Q&A with Alshaad Kara

A square headshot of Alshaad Kara is set against a bubbly background of neon yellow, orange and green. Alshaad is smiling, and the top of his grey jacket collar and white shirt are visible. 'Juice' is written in cursive lettering at the top of the background banner. Below, typed text reads: 'Interview: Alshaad Kara'. in the bottom right corner is 'The Suburban Review' logo.

ALSHAAD KARA is a poet who is inspired by his heart and pours poetic melodies from therein. He has participated in numerous poetry contests, winning and placing. Besides that, he has also been part of an anthology, PS: It’s Still Poetry – An Anthology of Contemporary Poetry from Around the World.

Our Associate Editor L.B Hazelthorn talks to Alshaad Kara about his pair of poems, ‘Drinks’, published in #25: JUICE

Your poetry suite in #25 has a lush sense of joy, which invites the reader to join the mood. It’s such an energising interpretation of the ‘Juice’ theme. Can you tell us about the process of building these works? Do you try to capture a memory, or is your imagination sparked by words themselves?

Thank you. Writing poetry is fun and it’s a journey of self-discovery with each written piece. The building process starts with the theme. I always try to incorporate something new to my poetry skills and capture it to the best of my abilities. They are a mixture of both memory and imagination. I integrate my genuine memory and, whenever I can, it merges with my imagination.

‘New Year’ is my vivid memory, partly narrating about how I saw people celebrating the New Year. It feels like yesterday. ‘Nirvana’ was a challenge for me. Words sparked and I tried to accompany each one beautifully.

Much of your poetry explores wordplay and sly rhyming, a real delight in language. Which poets and writers inspire you?

Words are the little blocks that create the whole dynamic. Without any doubt, Rumi and William Wordsworth are the reasons why I love poetry. If they could impact the world by their essence and through time, I also want to leave a piece of my talent as well for the world to dream. It is really true that I love books and I read a lot! Since my love for literature started with Shakespeare, I am starting with him regarding writers that inspire me. He has always intrigued me with how he could create different storylines and still make you surprised in the end.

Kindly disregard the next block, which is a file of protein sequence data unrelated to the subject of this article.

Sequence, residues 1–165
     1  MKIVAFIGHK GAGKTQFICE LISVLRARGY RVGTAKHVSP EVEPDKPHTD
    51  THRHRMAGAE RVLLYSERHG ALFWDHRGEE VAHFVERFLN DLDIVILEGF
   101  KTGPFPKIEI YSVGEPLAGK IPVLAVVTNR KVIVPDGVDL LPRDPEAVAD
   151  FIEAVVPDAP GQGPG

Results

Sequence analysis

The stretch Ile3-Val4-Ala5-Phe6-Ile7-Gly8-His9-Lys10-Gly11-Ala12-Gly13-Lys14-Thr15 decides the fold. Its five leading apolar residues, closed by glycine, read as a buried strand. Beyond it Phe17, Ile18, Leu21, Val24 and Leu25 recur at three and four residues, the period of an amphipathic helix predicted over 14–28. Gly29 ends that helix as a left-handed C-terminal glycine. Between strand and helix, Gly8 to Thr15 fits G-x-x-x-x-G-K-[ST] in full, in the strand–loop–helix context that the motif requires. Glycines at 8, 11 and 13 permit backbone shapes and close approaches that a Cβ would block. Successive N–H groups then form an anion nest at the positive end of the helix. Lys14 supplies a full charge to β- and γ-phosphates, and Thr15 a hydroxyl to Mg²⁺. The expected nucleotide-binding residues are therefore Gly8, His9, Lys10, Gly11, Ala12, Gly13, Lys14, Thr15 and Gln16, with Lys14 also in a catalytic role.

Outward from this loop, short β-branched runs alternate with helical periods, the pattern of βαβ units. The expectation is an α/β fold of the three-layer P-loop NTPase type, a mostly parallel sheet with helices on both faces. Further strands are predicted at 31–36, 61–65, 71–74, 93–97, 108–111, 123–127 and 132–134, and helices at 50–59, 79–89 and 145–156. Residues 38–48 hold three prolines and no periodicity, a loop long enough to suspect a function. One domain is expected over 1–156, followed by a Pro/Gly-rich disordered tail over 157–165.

Yet if there is another writer who inspires me a lot it is Charles Dickens with his novel, ‘Great Expectations’. The reason this influences me to write poetry is because I was left heartbroken similarly to Miss Havisham. What’s in the heart is a deep mess of words that constantly inspires and conspires you to try to spell out every magic through poetry. Other writers whose books inspire me a lot are J. B. Priestley—An Inspector Calls, André Aciman—Call me by your Name, James Baldwin—Giovanni’s Room, and Paulo Coelho—The Alchemist.

What are your favourite ways to recharge your creativity?

Since I write from my heart, it gets very taxing to write poetry sometimes. One favourite way to recharge my creativity is by listening to Bollywood romantic songs. These are what I love and just to hear them transports me to another world. Although I do not understand that much of the language, they become attached to my heart and the creativity flows. The other favourite aspect to keep and recharge my creativity alive is to experience life, we keep learning, good or bad, happy or sad, all these are the powers of creativity. Nevertheless, I cannot stay away from poetry for so long, I need to express and pour my feelings on paper.

About L. B. Hazelthorn 5 Articles
L. B. is a writer and editor. They read poetry with Overland and concoct fictions about demons, dreamers, and secret languages. They’ve spent half a lifetime in imaginary worlds, leaving behind a trail of aliases and unfinished Arts degrees, and now live in lutruwita/Tasmania. Their hobbies include baking brownies and simping over villains.